Sex Crime Of The Century

So, revenge movies really started to come into their own in the 1970′s. Movies like I Spit on Your Grave, Death Wish, and Coffy featured seemingly normal people who become bloodthirsty maniacs hellbent on retribution. It even crossed genres, such as in High Plains Drifter, a western. Perhaps the most notorious of these was Wes Craven’s first movie- The Last House on the Left, once screened as Sex Crime of the Century.

The “based on actual events” story is about two girls, rich country-girl Mari and low-class city dweller Phyllis, on their way to a concert in the city. Although Phyllis is supposed to be from the same rough neighborhood where the concert is being held, she’s just as naive as Mari, and soon they are kidnapped by a couple escaped convicts and their two cronies. The criminals torture, rape, and murder the girls, then inadvertently spend the night at one of the girls parents’ house. The parents find enough evidence to convince them these people killed their daughter and unleash their Home Alone-esque vengeance.

The beauty of The Last House on the Left is that it overcomes the trappings of a low-budget first feature, which are all there. We’ve got goofy dialog, out-of-place comic relief characters, and unbelievable plot contrivances- all the usual suspects. But the most important things are well done. The girls’ fear is palpable, there’s no question they are terrified. The criminals are evil, doing anything they want to the girls, everything from forcing Phyllis to pee her pants to disembowelment.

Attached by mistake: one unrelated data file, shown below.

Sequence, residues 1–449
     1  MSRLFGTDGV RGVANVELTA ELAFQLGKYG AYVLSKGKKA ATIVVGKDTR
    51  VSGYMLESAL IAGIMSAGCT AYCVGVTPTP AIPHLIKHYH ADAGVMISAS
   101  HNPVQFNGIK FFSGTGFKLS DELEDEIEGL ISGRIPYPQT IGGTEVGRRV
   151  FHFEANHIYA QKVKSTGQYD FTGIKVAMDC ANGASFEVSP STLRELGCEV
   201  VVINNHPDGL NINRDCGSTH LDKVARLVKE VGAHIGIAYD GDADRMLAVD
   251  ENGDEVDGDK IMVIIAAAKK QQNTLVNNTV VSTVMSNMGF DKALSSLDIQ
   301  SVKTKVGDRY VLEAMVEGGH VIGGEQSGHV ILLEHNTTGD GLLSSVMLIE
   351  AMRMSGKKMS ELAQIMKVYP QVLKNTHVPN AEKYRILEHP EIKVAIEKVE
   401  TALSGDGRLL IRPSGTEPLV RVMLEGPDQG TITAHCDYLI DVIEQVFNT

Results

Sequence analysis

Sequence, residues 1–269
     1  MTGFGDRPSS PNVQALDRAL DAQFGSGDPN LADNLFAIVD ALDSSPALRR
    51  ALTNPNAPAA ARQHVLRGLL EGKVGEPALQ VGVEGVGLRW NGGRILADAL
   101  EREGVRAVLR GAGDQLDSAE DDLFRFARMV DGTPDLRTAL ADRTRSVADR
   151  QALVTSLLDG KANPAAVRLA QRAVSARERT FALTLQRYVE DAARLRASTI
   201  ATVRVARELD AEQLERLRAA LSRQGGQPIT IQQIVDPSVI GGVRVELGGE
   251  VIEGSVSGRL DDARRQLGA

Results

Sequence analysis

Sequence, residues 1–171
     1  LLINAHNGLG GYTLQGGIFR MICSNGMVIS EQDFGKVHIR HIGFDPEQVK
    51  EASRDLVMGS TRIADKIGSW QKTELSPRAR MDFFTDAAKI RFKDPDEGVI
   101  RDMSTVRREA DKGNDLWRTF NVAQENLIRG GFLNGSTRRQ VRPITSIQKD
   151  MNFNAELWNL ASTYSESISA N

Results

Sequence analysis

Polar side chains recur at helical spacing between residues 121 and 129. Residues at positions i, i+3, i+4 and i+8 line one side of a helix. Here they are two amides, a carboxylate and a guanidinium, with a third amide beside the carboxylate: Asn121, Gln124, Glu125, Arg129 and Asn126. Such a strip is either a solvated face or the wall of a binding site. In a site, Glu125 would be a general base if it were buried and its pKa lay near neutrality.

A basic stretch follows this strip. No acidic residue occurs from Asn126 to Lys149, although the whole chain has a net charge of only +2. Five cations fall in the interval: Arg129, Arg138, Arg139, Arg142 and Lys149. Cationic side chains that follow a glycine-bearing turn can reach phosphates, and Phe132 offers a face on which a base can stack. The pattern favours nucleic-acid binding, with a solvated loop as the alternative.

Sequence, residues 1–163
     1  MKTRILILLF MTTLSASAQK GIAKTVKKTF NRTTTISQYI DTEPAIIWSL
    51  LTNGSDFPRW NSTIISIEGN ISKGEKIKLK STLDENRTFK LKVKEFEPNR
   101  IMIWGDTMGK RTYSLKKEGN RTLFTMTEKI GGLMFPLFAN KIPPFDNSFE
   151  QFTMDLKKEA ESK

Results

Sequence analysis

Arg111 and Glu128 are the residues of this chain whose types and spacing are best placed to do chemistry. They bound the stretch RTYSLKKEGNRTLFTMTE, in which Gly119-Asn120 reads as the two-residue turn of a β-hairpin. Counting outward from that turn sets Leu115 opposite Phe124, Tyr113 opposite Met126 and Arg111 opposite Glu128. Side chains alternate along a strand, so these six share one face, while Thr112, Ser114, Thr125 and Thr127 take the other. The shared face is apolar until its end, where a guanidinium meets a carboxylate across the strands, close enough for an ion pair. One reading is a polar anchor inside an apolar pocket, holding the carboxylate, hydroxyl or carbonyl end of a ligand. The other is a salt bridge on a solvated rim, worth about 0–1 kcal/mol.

There is one sequence in particular that displays Craven’s potential. After the gang kills Phyllis, they become more brutish, getting less enjoyment from their actions. Then Mari is raped. She realizes the only thing they can do from that point is kill her, and she gains some dignity knowing there’s nothing more they can take. But it’s different for her tormentors. They become unfocused and unsure of themselves, in a daze, knowing they’ve lost all their power and confidence. Both the gang and Mari are going through the motions when she’s finally killed. It’s an incredibly effective sequence that really stands out from the rest of the movie.

The violence and torment are what make the movie notorious, but there’s enough filmmaking skill on display to make it worthwhile, as well. And the plot? It’s a rip-off of The Virgin Spring. How many other low budget gore-fests get their inspiration from Ingmar Bergman?

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